This is the second time it’s happened—hitting a wall, that is. You know, the emotional kind. You know you’ve hit the metaphorical wall when you can’t think, you can’t process conversation, you can’t make a sound. The air gets stuck in your throat and the universe seems to pause. In moments like these, I’m not sure if it’s easier to know why you’ve hit the wall or easier to not know. All I know is I knew. I knew why I hit it and I know now.

It seems to be really easy for me to think God is the source of my trouble. I’ve grown partial to the understanding that it’s possible to run headlong into God’s work and suffer pain, not because He’s trying to hurt you, but because you ran into Him by running against Him. At this point, I don’t know if it’s a general rule of life, but it generally feels true for me.

We were talking. I was currently speaking when she interupted me, “Don’t be so literal.” I didn’t think I was. Without warning, my mind began churning out arguments in defense of accusations—she hadn’t even accused me of half of the things flooding my thoughts. The first and only sign necessary to signal that this is about something else. It’s about the first time I felt whacked upside the head by a passing remark. Both times I’d been talking with people I had met through church. Neither one meant their comments in a hurtful way, yet I was crushed by both of them. This brings me back to God.

The stunning simplicity of these interactions was like being suddenly blind-sided by a huge wave, knocking me back and leaving me strangely bitter. I attributed this to God since He was the topic of our discussions. Now I’m wondering if that’s really the case. I suspected a dutiful “thank you” would bring me through it, but I carried mounting guilt and shame out of my interactions with these people. Something didn’t add up. Maybe, despite their best intentions, my friends’ words had been appropriated by a demonic agenda. Maybe God had nothing to do with it. After all, aren’t the righteous supposed to be able to run into Him and be safe?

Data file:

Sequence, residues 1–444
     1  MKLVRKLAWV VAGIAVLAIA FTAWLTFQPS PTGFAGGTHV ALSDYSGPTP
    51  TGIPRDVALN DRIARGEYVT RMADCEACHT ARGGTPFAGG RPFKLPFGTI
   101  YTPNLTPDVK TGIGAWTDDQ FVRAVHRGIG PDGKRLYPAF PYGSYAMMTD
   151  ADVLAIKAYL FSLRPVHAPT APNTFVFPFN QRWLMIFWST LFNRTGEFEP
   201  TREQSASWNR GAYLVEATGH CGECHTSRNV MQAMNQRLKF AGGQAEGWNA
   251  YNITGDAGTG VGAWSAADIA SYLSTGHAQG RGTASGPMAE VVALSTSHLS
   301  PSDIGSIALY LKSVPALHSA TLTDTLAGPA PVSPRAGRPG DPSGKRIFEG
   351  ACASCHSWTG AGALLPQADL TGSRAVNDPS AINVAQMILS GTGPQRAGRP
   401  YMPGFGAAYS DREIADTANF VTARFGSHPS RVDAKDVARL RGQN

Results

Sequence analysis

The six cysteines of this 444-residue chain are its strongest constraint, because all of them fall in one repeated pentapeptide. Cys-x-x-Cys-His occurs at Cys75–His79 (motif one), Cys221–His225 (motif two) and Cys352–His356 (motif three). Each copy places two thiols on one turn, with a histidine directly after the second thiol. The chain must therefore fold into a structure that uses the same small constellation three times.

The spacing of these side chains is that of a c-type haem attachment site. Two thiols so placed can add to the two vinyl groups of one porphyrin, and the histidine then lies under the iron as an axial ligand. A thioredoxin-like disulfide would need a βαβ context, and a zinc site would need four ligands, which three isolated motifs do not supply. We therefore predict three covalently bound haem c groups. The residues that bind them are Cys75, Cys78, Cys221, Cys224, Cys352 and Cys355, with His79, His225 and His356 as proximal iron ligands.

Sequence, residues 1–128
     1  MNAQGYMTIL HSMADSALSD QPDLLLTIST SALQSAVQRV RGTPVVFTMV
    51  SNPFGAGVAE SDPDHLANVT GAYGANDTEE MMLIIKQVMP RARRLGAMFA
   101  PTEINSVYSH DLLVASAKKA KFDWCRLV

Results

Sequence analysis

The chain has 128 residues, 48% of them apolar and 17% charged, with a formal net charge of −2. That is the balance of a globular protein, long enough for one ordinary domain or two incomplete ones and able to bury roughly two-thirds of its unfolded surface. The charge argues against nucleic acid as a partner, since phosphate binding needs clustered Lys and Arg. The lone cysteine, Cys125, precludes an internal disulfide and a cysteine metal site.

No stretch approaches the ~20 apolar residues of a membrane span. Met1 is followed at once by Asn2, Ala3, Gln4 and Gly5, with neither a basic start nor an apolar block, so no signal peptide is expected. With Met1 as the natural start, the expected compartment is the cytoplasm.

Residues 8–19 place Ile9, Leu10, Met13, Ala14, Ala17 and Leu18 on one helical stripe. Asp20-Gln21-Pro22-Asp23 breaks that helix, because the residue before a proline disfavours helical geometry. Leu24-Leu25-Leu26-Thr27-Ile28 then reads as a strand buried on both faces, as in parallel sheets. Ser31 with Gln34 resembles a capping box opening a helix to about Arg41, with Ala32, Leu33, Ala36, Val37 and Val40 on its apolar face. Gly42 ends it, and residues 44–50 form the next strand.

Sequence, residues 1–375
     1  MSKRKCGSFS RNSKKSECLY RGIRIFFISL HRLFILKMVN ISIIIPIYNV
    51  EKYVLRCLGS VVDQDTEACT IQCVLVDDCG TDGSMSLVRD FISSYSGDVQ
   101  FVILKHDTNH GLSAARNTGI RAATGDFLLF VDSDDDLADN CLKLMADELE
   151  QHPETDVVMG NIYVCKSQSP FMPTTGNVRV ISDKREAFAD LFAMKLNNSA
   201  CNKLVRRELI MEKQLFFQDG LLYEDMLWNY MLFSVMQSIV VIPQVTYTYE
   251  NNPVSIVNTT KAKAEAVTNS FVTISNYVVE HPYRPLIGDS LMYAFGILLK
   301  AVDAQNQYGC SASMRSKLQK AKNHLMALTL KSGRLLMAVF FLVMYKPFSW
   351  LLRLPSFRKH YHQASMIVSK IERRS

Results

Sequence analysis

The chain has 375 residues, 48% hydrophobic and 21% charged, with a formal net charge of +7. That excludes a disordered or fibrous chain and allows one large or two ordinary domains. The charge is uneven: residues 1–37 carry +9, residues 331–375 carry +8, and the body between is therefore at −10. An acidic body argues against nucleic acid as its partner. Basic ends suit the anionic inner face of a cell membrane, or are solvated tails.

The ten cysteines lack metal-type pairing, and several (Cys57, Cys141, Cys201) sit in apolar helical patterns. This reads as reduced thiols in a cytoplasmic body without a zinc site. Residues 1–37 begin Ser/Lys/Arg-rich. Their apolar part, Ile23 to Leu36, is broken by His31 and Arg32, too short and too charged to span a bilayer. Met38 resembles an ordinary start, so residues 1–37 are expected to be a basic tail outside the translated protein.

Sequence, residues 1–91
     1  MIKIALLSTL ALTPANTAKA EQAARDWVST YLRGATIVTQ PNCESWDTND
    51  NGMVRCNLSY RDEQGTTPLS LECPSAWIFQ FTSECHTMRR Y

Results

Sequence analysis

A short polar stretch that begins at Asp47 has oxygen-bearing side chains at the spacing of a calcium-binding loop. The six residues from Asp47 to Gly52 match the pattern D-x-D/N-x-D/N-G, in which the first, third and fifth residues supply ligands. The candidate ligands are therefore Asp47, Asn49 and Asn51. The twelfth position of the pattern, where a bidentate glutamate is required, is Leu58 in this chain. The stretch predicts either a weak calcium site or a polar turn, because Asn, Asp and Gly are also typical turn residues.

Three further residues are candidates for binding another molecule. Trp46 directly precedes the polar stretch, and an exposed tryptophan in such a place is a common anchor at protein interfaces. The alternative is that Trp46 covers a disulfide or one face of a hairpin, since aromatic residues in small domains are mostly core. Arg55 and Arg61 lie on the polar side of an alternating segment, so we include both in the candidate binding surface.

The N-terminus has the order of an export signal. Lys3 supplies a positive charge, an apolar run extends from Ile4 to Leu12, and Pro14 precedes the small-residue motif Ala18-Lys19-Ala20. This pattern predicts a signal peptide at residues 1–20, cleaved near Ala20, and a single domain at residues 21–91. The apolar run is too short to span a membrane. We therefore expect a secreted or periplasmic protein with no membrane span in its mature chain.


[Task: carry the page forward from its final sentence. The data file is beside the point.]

Maybe it’s been part of an assignment to derail my pursuits, to steal my joy, to convince me that advancement will only lead me in circles of futility. Yet here I find myself, in the words of Misty Edwards, “walking on a tightrope stretched across the universe, way too high to go back from where I came, overwhelmed at the miles I’ve yet to tame. I’m too far in to turn around now and I’ve got too far to go to sit down now…” I wonder how this will all play out.

Whenever I Speak

Whenever I speak out of frustration:

  • I end up partnering with someone else’s demonic opposition
  • I fail to partner with God’s answer of provision for the person or issue I’m speaking about
  • I act as though I believe the person I am speaking against does not hear from God
  • I neglect my ability to contribute personal meaning to the conversation through the lessons and growth that I am learning and experiencing
  • I stunt the personal growth I could have through the tension of honoring a perspective that is “other” than me
  • I miss out on an opportunity to seek understanding before being understood
  • I pave the way for offense in the relationship
  • I choose pride in my opinion against someone else’s
  • I make the path of humility to feel far more costly
  • I succumb to every form of negativity
  • I rob myself of enjoying the company of another human being
  • I idolize being right over being connected
  • I forget that my identity isn’t found in my beliefs
  • I fear that the person or idea I’m frustrated with will harm me if left unconfronted
  • I sabotage my ability to shape or influence the person or idea I’m frustrated with

Whenever I speak from a place of revelation (understanding of who I am and what I’m experiencing):

  • I bless those who hear
  • I encourage those who need hope
  • I honor others’ ability to contribute shared meaning
  • I become a safe person to confide in
  • I attract more goodness from my Father in heaven
  • I enjoy being present in the moment
  • I delight simply in sharing and don’t fear being rejected
  • I gain clearer vision for my dreams and goals
  • I feel grateful
  • I see the good in other people and situations
  • I have more grace for the things people say that I think are wrong
  • I spur dialogue which leads to a synthesis of new ideas
  • I maximize my potential in my current season of life
  • I free myself from old perceptions and stereotypes
  • I create forward momentum for more growth